Bolsonaro’s claims to winning elections are hinged upon limiting interstate taxes to reduce gasoline prices for consumers and approval of an increased social welfare program. His chances of getting elected are dimmed by the contentions of handling of COVID 19 pandemic, of feeding hate and rising poverty and inequality. Change in Brazilian gun laws and marked upturning of environmental protection laws through his clear support for agribusiness may visibly become the other deciding issues. Furthermore, there are apprehensions about taking the help of the military to filch the elections.

The Internal and External Dynamics

On the domestic front, the opinion polls show voting percentage in the range of 44-51 for Lula and 33-40 percent voters tilted towards electing Bolsonaro. A decisive factor that is likely to impact the outcome of the elections is his use of digital strategies to create fake news and false narratives. At the international level, the UN experts who are part of the Special Procedures of the Human Rights Council entrusted with the task of the independent fact-finding and monitoring mechanisms in elections, have taken cognisance of threats and intimidation to women, indigenous peoples, Afro-descendants and LGBT persons. They have been urging the political parties in Brazil to ensure peaceful general elections. Going by the voting on Chile’s Constitutional referendum experience, opinion polls are mere indicators and may get totally falsified.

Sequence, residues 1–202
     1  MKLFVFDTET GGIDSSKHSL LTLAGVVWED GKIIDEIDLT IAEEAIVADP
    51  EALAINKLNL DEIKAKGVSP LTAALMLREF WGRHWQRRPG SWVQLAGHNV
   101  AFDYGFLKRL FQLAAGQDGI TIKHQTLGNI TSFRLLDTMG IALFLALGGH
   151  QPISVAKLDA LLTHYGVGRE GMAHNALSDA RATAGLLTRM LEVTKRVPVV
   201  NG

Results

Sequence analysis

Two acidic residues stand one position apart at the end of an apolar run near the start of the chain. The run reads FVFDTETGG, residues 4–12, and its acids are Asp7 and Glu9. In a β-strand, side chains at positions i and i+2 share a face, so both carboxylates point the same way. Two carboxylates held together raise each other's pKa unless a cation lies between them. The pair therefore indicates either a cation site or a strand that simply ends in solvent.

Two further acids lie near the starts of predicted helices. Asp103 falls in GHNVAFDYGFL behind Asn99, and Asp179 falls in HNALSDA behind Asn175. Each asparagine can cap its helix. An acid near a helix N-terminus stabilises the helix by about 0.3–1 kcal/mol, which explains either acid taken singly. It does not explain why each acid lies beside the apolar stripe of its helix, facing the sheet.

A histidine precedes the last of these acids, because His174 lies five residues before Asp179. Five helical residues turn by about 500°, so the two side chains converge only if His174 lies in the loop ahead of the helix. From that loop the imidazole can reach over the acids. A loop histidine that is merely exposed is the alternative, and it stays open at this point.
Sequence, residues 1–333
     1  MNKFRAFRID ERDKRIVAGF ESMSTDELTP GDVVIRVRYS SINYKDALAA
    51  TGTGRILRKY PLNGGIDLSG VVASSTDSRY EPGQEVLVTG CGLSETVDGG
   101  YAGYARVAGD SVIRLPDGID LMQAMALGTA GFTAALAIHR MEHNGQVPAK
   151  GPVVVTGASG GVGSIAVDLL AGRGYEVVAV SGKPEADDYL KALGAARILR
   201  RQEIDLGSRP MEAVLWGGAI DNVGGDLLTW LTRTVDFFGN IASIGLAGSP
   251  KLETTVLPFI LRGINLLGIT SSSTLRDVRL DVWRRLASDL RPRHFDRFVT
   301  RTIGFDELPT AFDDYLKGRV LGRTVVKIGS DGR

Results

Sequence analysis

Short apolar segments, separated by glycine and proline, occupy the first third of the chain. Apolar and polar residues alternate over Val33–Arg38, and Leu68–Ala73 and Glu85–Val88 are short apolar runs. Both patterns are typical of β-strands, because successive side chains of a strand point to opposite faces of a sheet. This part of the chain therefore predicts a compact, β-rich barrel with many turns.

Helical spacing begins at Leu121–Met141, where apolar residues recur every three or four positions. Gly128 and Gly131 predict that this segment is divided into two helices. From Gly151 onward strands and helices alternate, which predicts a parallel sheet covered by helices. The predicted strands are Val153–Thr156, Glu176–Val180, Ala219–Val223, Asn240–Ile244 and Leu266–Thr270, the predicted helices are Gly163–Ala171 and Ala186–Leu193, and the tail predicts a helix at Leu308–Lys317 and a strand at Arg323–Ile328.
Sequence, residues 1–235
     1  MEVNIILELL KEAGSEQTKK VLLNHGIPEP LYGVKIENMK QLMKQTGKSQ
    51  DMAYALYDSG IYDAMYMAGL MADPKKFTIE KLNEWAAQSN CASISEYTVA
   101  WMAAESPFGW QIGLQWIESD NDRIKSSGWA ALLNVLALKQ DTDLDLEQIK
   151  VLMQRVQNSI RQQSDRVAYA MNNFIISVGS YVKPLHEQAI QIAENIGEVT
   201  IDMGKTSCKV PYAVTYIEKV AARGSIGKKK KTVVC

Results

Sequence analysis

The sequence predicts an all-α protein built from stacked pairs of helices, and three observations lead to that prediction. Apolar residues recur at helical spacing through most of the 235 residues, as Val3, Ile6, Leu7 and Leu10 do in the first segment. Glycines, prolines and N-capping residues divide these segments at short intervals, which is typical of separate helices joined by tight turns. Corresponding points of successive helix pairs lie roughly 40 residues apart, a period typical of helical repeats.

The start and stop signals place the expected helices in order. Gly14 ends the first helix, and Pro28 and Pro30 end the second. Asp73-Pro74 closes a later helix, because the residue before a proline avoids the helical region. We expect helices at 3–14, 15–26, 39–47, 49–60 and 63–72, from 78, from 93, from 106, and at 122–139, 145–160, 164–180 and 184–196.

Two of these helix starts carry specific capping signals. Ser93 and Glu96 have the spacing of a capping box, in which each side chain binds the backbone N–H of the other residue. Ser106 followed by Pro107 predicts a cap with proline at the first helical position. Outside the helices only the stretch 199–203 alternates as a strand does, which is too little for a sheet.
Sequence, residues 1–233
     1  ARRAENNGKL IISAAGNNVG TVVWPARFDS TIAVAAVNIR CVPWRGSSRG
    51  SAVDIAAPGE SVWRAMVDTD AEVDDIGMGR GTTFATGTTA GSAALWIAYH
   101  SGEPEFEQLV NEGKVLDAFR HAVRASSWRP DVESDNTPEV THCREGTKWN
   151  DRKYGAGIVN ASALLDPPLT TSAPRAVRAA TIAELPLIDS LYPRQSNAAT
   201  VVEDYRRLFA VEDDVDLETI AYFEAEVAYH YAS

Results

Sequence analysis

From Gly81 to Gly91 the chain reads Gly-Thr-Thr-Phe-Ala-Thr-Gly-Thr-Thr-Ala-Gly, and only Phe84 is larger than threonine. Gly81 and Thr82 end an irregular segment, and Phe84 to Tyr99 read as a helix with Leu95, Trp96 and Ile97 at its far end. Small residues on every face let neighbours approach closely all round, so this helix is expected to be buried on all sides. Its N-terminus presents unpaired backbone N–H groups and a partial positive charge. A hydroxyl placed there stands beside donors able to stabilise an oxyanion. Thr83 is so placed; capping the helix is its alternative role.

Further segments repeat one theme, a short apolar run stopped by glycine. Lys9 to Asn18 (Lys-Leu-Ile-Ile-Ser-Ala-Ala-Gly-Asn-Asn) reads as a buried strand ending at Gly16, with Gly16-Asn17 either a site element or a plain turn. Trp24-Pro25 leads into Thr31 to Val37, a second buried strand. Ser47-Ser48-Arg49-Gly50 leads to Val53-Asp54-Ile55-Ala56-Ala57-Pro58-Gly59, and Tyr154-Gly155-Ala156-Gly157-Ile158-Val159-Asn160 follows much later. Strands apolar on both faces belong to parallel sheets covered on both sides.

The inflection point that the Brazilian elections face, alongside concern about what may transpire on D-day, is whether the outcomes can be seen as an opportunity to reinforce its institutions, recalibrate its democracy to meet domestic and global challenges and better it’s ranking in the EIU’s Democratic Index. Civil society and the media must play key roles in ensuring a healthy democratic polity and must not bear the negative consequences of their expected role. It is critical for the military and members of any state institutions to refrain from any interference in the elections. The tradition of allowing international electoral observation missions viz., the Organization of American States, Mercosur’s Parliament, and the Inter-American Union of Electoral Organizations, would ensure speedy verdicts on the freedom and fairness of the electoral process.

(Disclaimer: Author is Faculty in Latin American Studies Programme, CCUS&LAS, SIS, JNU, New Delhi. Views expressed are personal and do not reflect the official position or policy of Financial Express Online. Reproducing this content without permission is prohibited.)